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Paul Bluck,7/9/98 10:21 AM +1000, judicial humourists 1

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Date: Mon, 7 Sep 1998 10:21:39 +1000
To: pc
From: Paul B1uck <...>
subject: judicial humourists

Thanks for passing up the e mail of Mracus (sic) Bezzi's view on EFA's application to classify a judgment of the Federal Court. This latest action forms a part of the hilarious saga of the university guide to shoplifting.

As some general observations, I think the judgment would be capable of falling within the definition of "publication": "publication" means any written or pictorial matter, but does not include:

(a) a film; or

(b) a computer game; or

(c) an advertisement for a publication, a film or a computer game."

But I am inclined to agree with Mr Bezzi that a Court would be likely to reject any attempt by an official to restrict or prohibit publication of the judgment of a Court. After all:
- a Court is able to make whatever orders it considers necessary about publication of evidence or material in judgments and, on this occasion, the Court was not minded to make such an order;
- the classification of a judgment may thus be considered by a court to go beyond executive power and to trespass on judicial power;
- the forum for publication would be relevant (see section 11 of the Act):
"The matters to be taken into account in making a decision on the classification of a publication, a film or a computer game include:
(a) the standards of morality, decency and propriety generally accepted by reasonable adults; and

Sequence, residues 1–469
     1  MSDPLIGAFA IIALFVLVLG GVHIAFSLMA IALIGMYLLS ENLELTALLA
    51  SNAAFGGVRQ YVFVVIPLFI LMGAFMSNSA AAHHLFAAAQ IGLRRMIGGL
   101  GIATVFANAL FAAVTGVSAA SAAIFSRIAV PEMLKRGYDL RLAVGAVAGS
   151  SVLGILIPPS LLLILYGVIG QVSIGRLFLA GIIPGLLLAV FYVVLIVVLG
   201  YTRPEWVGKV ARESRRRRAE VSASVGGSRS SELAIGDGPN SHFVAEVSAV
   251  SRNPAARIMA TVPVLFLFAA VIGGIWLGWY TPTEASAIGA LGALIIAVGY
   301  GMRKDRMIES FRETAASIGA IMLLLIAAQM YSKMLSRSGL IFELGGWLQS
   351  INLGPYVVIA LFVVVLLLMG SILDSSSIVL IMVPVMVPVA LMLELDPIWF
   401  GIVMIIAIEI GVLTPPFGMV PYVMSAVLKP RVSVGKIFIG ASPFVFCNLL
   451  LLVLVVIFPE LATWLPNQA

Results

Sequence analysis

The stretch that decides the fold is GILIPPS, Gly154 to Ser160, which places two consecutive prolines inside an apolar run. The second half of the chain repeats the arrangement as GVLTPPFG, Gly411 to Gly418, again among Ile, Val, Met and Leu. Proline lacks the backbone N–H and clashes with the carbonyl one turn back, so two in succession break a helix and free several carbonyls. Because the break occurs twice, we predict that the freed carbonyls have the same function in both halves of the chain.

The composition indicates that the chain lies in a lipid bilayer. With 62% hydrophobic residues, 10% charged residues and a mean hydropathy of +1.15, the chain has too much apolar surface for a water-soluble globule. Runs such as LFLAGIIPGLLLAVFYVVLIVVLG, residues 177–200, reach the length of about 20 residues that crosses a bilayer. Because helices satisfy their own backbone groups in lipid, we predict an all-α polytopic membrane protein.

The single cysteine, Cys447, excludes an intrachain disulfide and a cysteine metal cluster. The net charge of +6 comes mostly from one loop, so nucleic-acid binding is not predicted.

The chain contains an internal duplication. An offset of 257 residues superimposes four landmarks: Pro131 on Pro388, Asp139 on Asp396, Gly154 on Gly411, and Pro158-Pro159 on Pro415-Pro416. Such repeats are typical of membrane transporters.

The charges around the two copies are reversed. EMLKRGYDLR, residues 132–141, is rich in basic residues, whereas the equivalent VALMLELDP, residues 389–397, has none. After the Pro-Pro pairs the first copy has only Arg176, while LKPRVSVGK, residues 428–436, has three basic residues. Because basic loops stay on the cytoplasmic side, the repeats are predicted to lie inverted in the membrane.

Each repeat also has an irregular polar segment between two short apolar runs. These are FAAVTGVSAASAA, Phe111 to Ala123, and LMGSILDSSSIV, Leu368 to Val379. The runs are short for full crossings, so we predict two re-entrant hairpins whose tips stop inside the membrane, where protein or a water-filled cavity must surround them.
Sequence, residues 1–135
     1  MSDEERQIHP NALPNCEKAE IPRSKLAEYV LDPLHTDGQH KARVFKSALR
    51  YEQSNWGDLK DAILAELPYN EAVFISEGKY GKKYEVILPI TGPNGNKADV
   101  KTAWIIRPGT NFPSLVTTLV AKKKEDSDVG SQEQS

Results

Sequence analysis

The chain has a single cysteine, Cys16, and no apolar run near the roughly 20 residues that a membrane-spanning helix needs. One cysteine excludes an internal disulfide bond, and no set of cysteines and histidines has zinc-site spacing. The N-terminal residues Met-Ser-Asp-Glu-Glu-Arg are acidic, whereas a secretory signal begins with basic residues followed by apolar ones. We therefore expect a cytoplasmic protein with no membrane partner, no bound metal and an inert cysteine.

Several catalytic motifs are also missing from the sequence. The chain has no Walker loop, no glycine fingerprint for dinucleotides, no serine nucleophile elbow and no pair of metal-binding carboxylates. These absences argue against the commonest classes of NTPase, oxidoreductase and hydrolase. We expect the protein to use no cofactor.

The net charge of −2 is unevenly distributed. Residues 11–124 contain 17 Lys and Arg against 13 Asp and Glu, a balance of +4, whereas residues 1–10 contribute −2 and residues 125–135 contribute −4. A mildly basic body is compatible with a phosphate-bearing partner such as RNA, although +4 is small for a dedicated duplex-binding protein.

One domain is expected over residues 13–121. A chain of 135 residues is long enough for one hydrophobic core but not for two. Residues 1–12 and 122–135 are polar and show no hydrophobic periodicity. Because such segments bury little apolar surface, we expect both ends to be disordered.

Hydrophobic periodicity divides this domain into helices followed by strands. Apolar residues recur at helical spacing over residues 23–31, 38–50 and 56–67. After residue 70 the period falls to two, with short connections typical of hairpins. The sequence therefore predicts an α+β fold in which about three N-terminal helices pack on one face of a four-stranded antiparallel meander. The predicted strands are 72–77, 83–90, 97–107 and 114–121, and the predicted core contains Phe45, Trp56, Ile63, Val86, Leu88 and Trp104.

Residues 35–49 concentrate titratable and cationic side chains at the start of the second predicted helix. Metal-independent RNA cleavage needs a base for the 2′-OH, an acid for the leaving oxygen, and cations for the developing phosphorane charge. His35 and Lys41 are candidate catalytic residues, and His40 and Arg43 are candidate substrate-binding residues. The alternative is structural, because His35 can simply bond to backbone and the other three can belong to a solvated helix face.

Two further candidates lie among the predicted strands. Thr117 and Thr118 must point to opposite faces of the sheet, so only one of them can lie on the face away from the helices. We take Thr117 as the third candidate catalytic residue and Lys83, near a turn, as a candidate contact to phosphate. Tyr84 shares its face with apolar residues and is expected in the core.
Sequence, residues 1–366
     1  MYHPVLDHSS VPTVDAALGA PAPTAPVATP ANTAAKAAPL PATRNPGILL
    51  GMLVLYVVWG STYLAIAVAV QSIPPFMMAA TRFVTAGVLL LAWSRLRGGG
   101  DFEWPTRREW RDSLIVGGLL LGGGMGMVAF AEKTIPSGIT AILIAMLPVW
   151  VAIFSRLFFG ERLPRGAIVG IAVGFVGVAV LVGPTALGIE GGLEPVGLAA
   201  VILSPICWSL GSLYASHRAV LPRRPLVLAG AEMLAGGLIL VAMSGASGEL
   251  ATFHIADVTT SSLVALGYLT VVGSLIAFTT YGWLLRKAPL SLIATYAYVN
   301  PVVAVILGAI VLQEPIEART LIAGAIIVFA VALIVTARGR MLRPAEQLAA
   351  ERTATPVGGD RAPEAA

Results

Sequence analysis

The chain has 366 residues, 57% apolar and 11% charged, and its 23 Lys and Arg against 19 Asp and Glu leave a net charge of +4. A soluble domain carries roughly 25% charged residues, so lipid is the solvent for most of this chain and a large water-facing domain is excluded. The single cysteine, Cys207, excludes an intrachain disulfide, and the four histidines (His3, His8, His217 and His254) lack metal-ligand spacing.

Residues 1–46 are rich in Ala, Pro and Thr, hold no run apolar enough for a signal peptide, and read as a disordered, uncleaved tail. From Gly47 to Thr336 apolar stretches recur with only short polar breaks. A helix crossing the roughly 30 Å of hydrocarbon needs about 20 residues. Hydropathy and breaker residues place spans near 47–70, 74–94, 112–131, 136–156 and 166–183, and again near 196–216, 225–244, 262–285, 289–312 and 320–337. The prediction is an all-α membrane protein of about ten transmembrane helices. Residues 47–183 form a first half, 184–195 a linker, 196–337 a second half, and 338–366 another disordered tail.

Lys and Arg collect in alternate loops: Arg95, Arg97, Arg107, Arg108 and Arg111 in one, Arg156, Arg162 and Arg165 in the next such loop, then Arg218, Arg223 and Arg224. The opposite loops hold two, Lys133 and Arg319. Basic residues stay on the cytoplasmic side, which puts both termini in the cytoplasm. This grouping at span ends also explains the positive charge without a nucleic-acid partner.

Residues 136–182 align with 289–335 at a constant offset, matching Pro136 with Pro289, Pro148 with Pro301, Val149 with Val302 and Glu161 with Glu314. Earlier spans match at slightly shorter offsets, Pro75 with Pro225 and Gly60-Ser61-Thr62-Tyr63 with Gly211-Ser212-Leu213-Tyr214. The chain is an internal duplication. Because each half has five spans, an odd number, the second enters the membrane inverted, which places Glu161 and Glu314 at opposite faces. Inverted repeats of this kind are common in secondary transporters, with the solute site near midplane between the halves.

(b) the literary, artistic or educational merit (if any) of the publication, film or computer game; and
(c) the general character of the publication, film or computer game, including whether it is of a medical, legal or scientific character; and
(d) the persons or class of persons to or amongst whom it is published or is intended or likely to be published.";
- by definition, a judgment will be of a "legal" character and the primary reading audience for court judgments would be judges, lawyers and officials dealing with the relevant legislation; and
- as you note, the Federal court decisions in the three Brown cases (single judge, full court on appeal and costs) have been in circulation now for some time and any damage caused by publication has probably been done.

In relation to the non consideration of the application. I disagree with Mr Bezzi. I think this action falls within the definition of "decision" (paragraph (e, specifically) because there would be nothing to prevent the Board from dealing with the application - even if to refuse it. The application was made under the Act and the judicial character of the judgment and the other features would simply have been reasons for delining (sic) to restrict publication. With respect to Mr Bezzi, his argument seems to require some measure of pulling itself up by the bootstraps*[footnote]. Whether or not the application was within the Act would be highly relevant, but it is a matter which requires a decision and (probably) some opportunity for the applicant to make submissions.

"decision" means a decision of the Board:
(a) to classify or refuse to classify a publication, a film or a computer game; or
(b) to determine the consumer advice to apply to a film or a computer game; or
(c) to approve or refuse to approve an advertisement for a publication. a film or a computer game or to impose conditions on such an approval; or
(d) to grant a certificate of exemption for a film; or
(e) to decline to deal with or to deal further with an application under this Act; or
(f) referred to in subsection 21A(l);
and includes a decision of the Board under section 39.

Printed for Phyl Crawford <...> 1

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Paul Bluck,7/9/98 10:21 AM +1000, judicial humourists 2


(* comparable to Centrelink refusing a pension application because a person is not qualified and then rejecting any review because, not being qualified, the person's application was not made under the Act).

Printed for Phyl Crawford <...> 2

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